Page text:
In a media teleconference on March 18, Stephen J. Ubl, president and CEO of PhRMA, said researchers are not only working on a vaccine, they are also looking at a variety of approved therapies to see if they could be useful in the treatment of COVID-19.

Also recent news reports discuss the possibility of treating COVID-19 patients with chloroquine (a treatment for malaria) or hydroxychloroquine (a treatment for rheumatoid arthritis, systemic lupus erythematosus and porphyria cutanea tarda.) either alone or in combination with the antibiotic azithromycin, which may yield better control.

The Centers for Disease Control said a number of countries, including the U.S., have treated hospitalized COVID-19 patients with hydroxychloroquine.

But for now, the U.S. Food and Drug Administration has not approved these medicines as treatment for COVID-19. There's good reasons for that.

One caution with these drugs, especially in combination, is that both cause long QT syndrome, a type of heart arrhythmia. That risk increases when using two medicines with this same side effect.

Also the optimal dosages and length of treatment for use in COVID-29 is yet unknown.

But the these drugs are not the only combinations of medicine being studied.

Gilead Sciences, which is based in California, has six ongoing studies regarding the use of its investigational drug remdesivir, which may work against certain viruses.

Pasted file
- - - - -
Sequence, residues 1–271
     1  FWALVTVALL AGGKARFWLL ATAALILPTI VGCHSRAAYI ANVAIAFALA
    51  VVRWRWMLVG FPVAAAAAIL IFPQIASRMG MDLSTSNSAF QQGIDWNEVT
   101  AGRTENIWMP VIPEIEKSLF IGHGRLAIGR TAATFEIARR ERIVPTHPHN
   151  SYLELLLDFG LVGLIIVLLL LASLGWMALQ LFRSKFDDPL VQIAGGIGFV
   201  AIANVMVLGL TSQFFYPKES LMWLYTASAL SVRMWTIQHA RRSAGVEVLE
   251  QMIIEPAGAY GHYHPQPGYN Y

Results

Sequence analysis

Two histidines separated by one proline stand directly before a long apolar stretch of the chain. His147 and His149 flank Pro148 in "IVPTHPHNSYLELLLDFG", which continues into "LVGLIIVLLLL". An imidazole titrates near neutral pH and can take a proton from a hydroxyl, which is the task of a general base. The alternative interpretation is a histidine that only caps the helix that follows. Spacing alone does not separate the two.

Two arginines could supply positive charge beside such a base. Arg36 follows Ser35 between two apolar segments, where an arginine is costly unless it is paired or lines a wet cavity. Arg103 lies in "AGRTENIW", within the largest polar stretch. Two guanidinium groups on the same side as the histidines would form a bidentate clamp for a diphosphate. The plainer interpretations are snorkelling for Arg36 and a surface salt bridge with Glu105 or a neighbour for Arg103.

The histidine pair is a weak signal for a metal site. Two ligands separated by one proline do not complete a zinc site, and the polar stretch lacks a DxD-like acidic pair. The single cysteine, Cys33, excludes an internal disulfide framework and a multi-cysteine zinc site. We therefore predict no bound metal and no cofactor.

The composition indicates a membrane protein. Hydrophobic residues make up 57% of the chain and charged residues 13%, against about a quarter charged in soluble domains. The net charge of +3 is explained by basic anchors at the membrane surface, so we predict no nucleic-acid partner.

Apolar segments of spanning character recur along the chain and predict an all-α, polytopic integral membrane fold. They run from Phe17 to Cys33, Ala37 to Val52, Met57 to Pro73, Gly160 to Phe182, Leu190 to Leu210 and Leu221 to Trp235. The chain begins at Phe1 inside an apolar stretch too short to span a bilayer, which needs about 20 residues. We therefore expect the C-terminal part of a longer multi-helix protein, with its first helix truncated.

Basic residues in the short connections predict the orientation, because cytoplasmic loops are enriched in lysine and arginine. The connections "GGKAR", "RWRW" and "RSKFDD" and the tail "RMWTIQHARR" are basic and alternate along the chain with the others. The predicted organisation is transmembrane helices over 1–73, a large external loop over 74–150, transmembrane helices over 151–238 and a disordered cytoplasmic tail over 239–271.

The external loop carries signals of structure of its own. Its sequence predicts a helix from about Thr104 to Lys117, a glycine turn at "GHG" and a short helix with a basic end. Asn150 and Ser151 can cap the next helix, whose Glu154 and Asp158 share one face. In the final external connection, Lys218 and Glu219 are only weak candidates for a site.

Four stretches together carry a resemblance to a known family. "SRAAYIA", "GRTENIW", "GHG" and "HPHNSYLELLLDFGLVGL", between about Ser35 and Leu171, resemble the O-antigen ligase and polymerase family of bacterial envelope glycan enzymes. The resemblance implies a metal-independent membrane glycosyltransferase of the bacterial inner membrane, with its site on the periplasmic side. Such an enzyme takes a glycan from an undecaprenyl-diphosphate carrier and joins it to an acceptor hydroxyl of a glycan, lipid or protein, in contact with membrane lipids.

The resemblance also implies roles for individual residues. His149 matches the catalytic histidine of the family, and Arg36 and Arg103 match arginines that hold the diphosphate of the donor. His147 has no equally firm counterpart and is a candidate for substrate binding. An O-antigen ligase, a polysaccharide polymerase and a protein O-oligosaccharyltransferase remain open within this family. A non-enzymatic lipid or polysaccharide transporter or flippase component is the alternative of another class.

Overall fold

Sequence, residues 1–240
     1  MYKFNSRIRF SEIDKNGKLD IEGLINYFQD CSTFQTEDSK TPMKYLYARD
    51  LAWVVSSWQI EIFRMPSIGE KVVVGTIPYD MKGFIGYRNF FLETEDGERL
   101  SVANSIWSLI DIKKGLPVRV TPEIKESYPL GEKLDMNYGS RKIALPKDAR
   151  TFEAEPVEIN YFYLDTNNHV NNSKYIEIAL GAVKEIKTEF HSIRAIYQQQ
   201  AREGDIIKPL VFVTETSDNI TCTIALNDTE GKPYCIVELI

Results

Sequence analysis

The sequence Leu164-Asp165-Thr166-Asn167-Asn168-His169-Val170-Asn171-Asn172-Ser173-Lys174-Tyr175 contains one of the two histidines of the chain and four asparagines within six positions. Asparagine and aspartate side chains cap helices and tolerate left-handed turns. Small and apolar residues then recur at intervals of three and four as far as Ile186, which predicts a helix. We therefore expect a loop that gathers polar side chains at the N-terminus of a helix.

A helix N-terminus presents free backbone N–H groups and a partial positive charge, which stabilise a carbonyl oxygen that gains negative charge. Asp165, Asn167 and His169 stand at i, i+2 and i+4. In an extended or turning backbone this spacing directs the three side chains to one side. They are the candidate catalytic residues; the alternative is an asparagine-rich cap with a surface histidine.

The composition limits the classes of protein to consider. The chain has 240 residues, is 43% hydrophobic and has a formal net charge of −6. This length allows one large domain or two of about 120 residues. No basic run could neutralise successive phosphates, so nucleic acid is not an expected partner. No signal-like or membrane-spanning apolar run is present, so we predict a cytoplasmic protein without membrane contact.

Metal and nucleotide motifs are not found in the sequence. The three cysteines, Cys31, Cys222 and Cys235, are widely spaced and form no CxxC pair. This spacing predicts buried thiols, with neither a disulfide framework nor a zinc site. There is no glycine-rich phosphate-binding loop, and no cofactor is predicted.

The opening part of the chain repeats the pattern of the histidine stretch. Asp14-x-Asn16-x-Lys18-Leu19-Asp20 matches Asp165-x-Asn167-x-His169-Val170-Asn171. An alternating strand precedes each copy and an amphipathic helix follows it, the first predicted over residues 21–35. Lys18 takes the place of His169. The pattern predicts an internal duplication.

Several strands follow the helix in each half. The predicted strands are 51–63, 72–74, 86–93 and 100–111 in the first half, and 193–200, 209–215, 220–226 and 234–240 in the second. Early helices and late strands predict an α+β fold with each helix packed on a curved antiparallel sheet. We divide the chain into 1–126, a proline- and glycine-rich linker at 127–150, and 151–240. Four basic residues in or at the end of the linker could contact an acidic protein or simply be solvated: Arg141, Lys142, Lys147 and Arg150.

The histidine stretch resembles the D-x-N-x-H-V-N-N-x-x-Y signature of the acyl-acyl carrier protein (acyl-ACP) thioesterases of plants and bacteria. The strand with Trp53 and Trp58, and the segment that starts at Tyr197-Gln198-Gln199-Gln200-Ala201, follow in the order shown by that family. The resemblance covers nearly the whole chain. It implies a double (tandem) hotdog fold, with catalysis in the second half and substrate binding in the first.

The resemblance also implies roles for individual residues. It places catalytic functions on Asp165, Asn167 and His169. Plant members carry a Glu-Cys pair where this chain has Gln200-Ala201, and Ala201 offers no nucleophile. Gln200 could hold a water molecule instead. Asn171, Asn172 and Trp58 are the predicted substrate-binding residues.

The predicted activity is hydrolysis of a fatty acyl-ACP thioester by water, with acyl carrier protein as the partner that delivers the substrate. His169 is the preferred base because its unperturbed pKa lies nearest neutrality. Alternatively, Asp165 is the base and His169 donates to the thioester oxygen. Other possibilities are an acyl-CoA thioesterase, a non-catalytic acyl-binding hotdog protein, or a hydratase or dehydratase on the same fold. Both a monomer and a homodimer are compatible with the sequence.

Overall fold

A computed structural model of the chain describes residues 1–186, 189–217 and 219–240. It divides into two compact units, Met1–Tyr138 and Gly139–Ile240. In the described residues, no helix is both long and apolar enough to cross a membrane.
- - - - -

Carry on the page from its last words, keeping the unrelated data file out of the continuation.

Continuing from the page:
Takeda Pharmaceutical Company Limited, a global company, is working on on a plasma-derived therapy (TAK-888) for the treatment of COVID-19, according to a news release from the company.

Basically, this therapy would transfer antibodies from a recovered a patient to a high-risk patient or those currently battling the disease.

Because the procedure for isolating plasma is already in place, moving into testing was able to happen quickly, Julie Kim, president of Takeda, said in the media conference.

The company is also looking at its other therapies and products to see if any of them might be appropriate for patients with the virus.

What’s in the works

Sanofi Pasteur is collaborating with the Biomedical Advanced Research and Development Authority (BARDA), to see “if previous development work for a SARS vaccine” might be useful in developing a vaccine for COVID-19, a news release from Sanofi, said.